The Arizona Purchaser Dwelling Actions Act (“PDA”) provides construction professionals with an opportunity to remedy an alleged defect before a homeowner may file a lawsuit. When faced with an alleged defect, a construction professional may attempt to avoid litigation by electing to repair or replace the alleged defect or provide monetary compensation to the homeowner. However, labor and material shortages, including those caused by the COVID-19 Pandemic, have made deciding how to use the PDA’s options more difficult.
Before a homeowner may file a lawsuit against a construction professional for a construction defect, the PDA requires that the homeowner give the professional detailed notice about the allege defect. A professional then has 60 days to respond as to whether the professional will repair or replace the alleged defect, provide alternative compensation, or decline to take any action. If a professional agrees to repair an alleged defect, the PDA requires a repair be completed within a “commercially reasonable time frame considering the nature of the repair or replacement, any access issues or unforeseen events that are not caused by the . . . professional.” (emphasis added) Current labor and material shortages probably affects what constitutes “commercially reasonable.” Additionally, the “foreseeability” of labor and material shortages is likely to become an even more contentious topic. Therefore, if using the PDA’s options to repair, professionals should consider documenting any labor or material shortage delays and their causes as they become known to be better prepared if a homeowner alleges that the professional failed to comply with the PDA.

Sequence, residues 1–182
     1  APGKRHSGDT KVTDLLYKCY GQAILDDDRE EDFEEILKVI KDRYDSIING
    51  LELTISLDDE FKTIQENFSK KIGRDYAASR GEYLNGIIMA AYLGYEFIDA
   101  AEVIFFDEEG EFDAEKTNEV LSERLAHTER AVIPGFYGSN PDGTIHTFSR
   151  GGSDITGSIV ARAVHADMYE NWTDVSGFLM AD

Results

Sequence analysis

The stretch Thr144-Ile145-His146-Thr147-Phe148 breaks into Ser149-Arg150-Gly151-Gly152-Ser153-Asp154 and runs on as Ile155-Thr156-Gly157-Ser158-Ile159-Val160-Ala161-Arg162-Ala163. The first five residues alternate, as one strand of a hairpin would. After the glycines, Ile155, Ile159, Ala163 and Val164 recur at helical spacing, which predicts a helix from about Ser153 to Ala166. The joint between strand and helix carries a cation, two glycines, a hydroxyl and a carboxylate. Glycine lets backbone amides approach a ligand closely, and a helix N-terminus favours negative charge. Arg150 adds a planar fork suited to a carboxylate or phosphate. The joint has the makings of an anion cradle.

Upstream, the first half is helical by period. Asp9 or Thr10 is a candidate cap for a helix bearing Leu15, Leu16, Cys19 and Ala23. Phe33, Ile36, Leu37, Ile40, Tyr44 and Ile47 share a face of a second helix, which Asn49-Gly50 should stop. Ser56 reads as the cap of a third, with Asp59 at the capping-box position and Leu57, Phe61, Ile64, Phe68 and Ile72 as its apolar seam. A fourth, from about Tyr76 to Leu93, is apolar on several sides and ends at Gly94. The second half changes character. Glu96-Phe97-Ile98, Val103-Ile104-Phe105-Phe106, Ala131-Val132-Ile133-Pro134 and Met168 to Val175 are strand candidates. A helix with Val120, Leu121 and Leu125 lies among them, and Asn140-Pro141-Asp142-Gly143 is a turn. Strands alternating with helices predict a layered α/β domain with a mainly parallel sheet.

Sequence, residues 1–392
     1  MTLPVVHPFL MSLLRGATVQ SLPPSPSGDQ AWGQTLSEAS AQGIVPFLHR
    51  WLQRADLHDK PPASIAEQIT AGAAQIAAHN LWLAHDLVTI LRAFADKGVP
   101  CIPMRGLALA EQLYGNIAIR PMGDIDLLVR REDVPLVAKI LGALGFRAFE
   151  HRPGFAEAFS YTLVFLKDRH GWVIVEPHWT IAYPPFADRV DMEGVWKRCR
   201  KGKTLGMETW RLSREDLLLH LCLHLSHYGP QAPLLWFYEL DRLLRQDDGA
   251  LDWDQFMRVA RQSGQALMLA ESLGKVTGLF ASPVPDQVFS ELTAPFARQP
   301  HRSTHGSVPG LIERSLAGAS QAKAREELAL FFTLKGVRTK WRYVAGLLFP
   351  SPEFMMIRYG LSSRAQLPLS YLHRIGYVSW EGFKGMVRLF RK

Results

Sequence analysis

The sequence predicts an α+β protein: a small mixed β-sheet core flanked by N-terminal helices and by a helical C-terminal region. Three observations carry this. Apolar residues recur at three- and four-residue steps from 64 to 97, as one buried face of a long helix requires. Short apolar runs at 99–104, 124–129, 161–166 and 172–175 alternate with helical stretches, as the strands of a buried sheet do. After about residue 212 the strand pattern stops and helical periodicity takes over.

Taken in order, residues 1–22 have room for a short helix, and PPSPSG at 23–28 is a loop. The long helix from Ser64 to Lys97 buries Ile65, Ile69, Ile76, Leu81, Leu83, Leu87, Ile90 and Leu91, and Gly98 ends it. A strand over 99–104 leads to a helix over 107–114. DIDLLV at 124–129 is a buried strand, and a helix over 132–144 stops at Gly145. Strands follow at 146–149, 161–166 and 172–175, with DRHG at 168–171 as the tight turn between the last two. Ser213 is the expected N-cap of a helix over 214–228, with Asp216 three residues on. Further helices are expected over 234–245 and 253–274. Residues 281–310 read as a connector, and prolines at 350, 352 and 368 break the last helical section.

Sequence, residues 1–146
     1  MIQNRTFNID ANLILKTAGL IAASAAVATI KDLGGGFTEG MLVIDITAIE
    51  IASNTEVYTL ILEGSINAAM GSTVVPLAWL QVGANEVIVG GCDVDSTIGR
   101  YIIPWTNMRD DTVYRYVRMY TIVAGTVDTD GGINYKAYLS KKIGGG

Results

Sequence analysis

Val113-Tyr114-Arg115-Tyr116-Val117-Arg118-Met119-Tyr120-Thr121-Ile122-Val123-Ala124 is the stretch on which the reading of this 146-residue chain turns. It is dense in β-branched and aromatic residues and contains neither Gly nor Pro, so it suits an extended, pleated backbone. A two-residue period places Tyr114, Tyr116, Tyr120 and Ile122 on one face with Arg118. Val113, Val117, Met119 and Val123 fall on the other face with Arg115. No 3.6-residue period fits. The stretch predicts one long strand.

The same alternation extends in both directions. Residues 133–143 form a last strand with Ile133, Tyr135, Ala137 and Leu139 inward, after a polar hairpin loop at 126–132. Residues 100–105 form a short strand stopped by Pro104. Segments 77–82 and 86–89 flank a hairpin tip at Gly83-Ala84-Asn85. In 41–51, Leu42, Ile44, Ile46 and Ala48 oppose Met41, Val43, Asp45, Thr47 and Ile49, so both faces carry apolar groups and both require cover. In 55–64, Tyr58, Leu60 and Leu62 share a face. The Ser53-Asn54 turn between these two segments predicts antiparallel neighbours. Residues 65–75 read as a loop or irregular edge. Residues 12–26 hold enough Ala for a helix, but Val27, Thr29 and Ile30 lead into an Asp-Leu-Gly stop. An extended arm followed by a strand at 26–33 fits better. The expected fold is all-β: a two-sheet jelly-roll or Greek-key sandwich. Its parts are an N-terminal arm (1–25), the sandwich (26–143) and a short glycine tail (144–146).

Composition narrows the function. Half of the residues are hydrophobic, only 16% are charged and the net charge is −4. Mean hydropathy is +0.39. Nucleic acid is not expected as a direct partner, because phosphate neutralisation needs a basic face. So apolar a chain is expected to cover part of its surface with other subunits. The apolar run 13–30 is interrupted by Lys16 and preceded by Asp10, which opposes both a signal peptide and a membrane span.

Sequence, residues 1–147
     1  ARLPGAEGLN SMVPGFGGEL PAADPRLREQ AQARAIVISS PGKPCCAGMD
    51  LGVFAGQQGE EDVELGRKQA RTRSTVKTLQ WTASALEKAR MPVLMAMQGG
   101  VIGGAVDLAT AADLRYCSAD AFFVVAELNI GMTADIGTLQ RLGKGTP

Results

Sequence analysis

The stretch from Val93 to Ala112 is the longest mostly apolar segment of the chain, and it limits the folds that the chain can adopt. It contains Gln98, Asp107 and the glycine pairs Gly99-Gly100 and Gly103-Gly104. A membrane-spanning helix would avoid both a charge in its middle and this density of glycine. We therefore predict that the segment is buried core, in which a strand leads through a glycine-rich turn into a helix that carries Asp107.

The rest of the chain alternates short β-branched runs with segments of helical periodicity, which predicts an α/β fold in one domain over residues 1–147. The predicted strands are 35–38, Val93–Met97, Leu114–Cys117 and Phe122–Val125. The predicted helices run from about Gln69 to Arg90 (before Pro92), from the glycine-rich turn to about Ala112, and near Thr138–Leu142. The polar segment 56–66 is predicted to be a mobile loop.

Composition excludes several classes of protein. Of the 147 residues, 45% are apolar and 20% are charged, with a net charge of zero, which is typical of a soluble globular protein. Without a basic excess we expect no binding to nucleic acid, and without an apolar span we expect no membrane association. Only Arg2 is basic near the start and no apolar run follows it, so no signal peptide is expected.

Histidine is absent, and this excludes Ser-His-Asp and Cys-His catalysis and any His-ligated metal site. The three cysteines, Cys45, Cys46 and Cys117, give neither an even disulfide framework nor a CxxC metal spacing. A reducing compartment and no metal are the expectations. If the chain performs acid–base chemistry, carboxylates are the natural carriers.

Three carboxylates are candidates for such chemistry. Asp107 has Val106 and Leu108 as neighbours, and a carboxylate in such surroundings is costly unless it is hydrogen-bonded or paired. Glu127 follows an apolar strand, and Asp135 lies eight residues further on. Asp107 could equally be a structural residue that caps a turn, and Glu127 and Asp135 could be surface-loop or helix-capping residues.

In addition, if a professional foresees a repair or replacement taking longer than normal, the PDA does afford some options. The PDA allows a professional and homeowner to enter into a written agreement to extend the timeframe to comply with the PDA. When a professional expects or anticipates that a repair may take longer than “normal” the professional should consider extending the timeframe for repairs with the homeowner in writing before beginning repairs. On the other hand, if a professional’s failure to comply with the PDA’s timeframe results from an unforeseen condition, a homeowner may be required to give the professional more time to make the repair before filing a lawsuit.
If a professional opts to offer monetary compensation instead of repairing or replacing the alleged defect, a new issue arises: should the offer be for the amount it would have cost to repair or replace the defect when the work was first done (i.e. before material and labor prices increased) or the current prices? The difference in these costs is even more pronounced when the original construction was completed years ago for a fraction of what it would cost to perform repairs in today’s market. For example, Arizona’s statute of limitation for breach of contract allows a homeowner to bring an action for breach of construction contract for six years after the cause of action accrues. Therefore, it is possible a homeowner may seek to hold a professional liable for an alleged defective construction that occurred years ago.
The PDA does not provide guidance as to what offer amount is appropriate, particularly because a homeowner may reject any offer and instead sue to attempt to recover the current cost of repairing the alleged defect. Furthermore, a professional should consider giving an offer amount serious thought. An amount offered has consequences even if rejected by the homeowner. In a subsequent lawsuit, a professional could potentially be liable for the homeowner’s attorneys’ fees if the homeowner recovers more than the professional originally offered. Therefore, careful consideration is due before making an offer.